RE: guaranteeing friendliness [more about reaching AGI now that Ben has improved the thread]

From: Herb Martin (HerbM@LearnQuick.Com)
Date: Sat Dec 03 2005 - 22:36:02 MST

From: Ben Goertzel

<snip past discussion>

> Well, you could look at Minsky's chapter in this book

Thank you. I was particularly amused by the review's
mention of HAL's "lip reading capabilities" reference the
findings that conventional speech recognition systems
can be improved by 10-50% through a visual model.

> or (when it finally comes out in a few months) my forthcoming edited
> volume on AGI,
> <,,4-147-22-43950079-0,00.html>

Ok, I will look forward to it.

Do you have any particular references (preferably online)
for "text summarization" -- that is, the ability to extract
summaries or to paraphrase text and information?

(This is a field that interests me greatly. Along with
the idea of programs that write and optimize programs
seems to be where much of the leverage can be found; and
where my own VERY modest efforts are directed.)

> > But, be warned that one possibility for this is that
> > 'someone' (like the NSA) is actively discouraging such
> > work and at the same time is offering strong incentives
> > for those who can and do pursue it to be "one of the
> > family" and keep such research under security veil.
> I know enough about both the AI field and the intel community to know
> that this is very unlikely to be true; but I realize there is no way
> to convince you that it isn't true, if you choose to maintain this
> belief.

Your testimony is evidence, a very useful data point,
and worthy of consideration, perhaps even tentative belief.

[It was only a possibility in any case -- it did happen
in the cryptography/cryptanalysis fields for many years.]

Personally I maintain few beliefs to a 100% level, but
must act as if that is the case (when the level is in
the high 9s) to operate actively and coherently in the
real world.

> > Al Qaeda? Or some rogue nation?
> No chance -- those countries have very little technological
> advancement

It was merely an example to cause thought -- India
also comes to mind, also Taiwan, Singapore, or China
are candidates -- not a claim that any of these would
be the developer, nor was it a suggestion for bookies
who wish to handicap the field.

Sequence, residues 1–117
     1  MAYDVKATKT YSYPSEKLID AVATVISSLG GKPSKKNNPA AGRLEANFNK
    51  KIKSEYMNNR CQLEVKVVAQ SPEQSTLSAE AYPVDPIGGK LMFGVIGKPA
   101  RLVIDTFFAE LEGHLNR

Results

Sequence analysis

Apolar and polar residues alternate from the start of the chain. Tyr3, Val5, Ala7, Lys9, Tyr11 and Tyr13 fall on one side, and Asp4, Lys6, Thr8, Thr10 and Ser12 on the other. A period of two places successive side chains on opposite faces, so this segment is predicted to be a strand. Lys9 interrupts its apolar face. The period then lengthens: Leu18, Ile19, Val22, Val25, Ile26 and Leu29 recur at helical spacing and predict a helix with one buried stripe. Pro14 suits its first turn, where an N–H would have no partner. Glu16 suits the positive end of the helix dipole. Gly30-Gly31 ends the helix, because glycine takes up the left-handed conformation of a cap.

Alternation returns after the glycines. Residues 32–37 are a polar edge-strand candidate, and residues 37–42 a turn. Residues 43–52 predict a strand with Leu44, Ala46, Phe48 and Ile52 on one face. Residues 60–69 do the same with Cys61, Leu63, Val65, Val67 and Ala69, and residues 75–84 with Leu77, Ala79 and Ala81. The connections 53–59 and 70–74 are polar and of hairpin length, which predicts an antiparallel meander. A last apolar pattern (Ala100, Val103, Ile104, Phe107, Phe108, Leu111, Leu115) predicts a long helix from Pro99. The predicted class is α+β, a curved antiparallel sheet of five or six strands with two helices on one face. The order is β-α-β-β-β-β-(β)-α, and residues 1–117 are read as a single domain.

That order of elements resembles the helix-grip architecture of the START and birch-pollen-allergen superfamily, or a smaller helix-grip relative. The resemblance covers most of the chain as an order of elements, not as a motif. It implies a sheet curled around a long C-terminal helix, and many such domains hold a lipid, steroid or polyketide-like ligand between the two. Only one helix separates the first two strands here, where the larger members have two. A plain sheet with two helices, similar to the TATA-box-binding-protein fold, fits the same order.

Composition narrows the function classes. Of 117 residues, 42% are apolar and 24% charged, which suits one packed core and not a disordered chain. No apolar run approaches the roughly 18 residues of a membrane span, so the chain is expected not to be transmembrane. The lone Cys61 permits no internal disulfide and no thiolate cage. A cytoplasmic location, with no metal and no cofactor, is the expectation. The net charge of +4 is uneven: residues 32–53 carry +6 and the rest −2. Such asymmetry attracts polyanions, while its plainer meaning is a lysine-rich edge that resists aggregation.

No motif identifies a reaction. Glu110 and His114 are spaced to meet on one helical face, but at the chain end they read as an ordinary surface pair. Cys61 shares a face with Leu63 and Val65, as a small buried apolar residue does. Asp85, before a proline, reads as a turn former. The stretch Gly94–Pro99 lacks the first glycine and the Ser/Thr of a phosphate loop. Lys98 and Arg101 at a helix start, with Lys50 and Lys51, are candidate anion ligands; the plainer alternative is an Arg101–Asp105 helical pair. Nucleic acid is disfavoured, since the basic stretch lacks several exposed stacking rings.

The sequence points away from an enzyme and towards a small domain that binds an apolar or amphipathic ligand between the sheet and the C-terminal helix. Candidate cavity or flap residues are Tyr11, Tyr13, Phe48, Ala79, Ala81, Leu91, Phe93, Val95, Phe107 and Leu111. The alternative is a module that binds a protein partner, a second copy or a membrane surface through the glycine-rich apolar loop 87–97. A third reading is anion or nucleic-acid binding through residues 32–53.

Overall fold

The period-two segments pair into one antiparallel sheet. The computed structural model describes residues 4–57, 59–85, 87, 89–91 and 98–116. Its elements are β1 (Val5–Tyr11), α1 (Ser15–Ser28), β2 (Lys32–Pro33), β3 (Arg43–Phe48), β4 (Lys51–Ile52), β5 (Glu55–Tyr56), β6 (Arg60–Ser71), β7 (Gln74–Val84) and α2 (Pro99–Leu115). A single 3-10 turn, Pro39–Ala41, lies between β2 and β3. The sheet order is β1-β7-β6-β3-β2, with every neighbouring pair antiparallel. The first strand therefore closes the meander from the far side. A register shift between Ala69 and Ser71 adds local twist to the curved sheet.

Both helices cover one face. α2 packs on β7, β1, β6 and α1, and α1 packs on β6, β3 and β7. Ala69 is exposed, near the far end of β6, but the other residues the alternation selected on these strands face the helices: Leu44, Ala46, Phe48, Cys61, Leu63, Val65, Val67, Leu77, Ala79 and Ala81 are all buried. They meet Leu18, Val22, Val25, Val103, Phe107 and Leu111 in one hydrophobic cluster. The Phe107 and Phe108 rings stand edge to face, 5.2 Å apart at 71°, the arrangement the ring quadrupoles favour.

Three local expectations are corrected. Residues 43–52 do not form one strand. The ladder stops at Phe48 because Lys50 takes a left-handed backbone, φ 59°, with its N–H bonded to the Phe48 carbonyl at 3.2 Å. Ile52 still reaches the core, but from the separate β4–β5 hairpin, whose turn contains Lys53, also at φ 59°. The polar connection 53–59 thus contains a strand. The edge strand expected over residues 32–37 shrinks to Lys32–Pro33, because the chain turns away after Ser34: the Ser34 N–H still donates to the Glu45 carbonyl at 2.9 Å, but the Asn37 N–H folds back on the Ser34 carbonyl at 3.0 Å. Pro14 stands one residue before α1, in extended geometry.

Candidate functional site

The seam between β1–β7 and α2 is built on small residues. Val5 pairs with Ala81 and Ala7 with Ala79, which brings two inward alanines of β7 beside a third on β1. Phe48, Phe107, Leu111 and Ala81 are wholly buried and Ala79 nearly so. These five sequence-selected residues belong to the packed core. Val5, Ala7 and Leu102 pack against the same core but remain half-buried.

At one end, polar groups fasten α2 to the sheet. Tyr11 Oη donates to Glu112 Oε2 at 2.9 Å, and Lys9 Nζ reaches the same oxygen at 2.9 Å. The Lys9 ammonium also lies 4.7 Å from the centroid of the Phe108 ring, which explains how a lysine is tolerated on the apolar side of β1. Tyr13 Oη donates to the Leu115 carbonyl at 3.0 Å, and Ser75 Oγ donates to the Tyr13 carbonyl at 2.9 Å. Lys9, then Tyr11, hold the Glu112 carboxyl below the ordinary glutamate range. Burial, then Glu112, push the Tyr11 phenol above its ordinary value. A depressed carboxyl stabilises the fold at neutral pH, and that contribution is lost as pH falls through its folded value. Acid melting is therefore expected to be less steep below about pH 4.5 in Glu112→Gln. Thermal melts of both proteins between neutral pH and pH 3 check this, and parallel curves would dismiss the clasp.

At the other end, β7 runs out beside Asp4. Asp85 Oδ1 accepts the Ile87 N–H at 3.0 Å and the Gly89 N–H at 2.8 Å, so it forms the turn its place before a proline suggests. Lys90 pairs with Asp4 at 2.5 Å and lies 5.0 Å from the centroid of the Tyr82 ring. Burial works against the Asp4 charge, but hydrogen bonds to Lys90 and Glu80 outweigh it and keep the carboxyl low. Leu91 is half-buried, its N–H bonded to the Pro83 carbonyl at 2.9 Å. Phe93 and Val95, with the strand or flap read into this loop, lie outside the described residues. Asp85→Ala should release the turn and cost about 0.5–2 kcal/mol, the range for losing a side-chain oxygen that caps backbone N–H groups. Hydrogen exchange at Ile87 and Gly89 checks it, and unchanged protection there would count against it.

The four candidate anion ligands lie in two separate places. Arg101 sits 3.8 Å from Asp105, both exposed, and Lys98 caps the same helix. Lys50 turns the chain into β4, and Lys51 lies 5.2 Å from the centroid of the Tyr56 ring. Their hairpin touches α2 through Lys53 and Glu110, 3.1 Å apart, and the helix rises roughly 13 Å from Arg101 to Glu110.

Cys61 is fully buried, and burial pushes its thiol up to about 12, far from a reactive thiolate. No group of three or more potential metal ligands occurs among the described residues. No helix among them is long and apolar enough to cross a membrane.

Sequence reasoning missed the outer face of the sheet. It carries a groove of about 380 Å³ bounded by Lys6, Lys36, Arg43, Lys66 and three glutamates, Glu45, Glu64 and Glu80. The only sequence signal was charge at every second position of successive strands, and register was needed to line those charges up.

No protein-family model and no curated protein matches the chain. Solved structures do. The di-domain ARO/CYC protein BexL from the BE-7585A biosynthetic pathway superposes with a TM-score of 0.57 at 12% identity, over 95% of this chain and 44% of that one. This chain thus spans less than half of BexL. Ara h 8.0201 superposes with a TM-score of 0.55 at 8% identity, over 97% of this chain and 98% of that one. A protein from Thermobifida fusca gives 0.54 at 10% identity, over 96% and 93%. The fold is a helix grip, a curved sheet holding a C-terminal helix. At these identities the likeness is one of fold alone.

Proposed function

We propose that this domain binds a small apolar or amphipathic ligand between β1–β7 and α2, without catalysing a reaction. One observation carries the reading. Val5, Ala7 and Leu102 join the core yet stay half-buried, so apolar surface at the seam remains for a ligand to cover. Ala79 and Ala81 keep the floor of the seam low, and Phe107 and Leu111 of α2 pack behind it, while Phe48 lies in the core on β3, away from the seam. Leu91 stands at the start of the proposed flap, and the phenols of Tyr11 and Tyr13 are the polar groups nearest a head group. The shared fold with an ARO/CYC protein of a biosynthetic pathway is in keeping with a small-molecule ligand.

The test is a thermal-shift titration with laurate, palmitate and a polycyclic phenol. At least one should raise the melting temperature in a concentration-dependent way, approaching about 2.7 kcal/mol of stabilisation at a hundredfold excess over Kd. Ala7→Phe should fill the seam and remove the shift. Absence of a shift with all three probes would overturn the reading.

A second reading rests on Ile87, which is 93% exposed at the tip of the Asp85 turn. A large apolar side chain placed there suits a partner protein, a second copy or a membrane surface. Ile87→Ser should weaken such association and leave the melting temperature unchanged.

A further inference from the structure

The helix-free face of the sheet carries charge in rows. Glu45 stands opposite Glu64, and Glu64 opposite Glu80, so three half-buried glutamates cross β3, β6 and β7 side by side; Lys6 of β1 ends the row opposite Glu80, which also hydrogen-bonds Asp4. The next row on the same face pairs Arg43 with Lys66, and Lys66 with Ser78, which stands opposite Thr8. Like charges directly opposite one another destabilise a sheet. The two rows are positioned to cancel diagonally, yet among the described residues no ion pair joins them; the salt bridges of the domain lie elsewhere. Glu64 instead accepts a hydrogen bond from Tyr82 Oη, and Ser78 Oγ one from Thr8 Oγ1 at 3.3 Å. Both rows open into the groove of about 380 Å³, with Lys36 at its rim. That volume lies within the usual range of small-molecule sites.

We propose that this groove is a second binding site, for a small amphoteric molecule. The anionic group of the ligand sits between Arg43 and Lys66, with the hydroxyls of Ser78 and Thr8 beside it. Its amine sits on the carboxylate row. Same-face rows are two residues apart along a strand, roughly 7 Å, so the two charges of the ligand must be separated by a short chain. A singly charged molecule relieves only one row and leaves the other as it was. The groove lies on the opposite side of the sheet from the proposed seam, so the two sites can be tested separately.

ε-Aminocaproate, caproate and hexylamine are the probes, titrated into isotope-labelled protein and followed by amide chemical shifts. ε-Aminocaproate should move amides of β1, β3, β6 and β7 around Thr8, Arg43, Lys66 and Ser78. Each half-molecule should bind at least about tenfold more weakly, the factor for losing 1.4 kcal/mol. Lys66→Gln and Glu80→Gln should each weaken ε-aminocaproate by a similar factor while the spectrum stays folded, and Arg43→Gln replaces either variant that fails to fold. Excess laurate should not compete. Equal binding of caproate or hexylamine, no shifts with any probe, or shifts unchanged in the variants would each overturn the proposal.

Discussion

> > It is unlikely that a "maverick breakthrough" will have much
> > effect until hardware increases by several orders of magnitude.
> And what evidence do you have for THIS assertion? As someone actively
> involved with AGI design, I am not nearly so sure as you are of
> this....

I don't have any strong evidence, except a general (weak)
belief that we are going to need to approach, maybe exceed,
the capacity of the human brain to reach a comparable
(human level) AI.

It is of course possible that optimizations (not possible
in our evolutionary constructed brains) will reduce these
requirements radically. It is also possible substitution for
neuro-transmitters and other non-connectionist human
hardware may increase the requirements.

[And evidence for such computer advantages includes the
clear fact that computer memories are much more accurate
than human memories for simple facts; also they are much
more accurate for pure calculations and even in symbolic
math they can bee much better than all but a rare few

> > And, those with the hardware will have the first chance
> > to actually try any such breakthroughs....
> You're making an unjustified assumption about the hardware
> requirements of a successful AGI design.

Yes, I was presuming a certain level of hardware beyond that
commonly available or even beyond that available on state of
the art machines such as Blue Gene.

> Based on my current estimates (which are based on the capabilities of
> my own Novamente AI system when run on a handful of machines), the
> minimum hardware requirements for an AGI are not *less* than a few
> hundred commodity PC's ... but I am not sure they are more than this.
> And a few hundred PC's are not all that expensive to network together.

You are in a much better position to know, and even 1000 PCs are
not a particularly difficult barrier.

If that will do it, then the most advanced machines already
have far more than the minimum hardware requirements.

We could probably setup a "SETI @ Home" like network and garner
a few thousand actively participating (at any one time) machines
if network delays would not be a serious problem to such

Note: I mean far more than 1000 PCs, but with at least this
many active consistently.

> -- Ben

I would love to hear more about how you see current (and near
future hardware) doing this....

This would move the singularity into the realm of "real soon
now", rather than 10-30 years in the future.

Herb Martin

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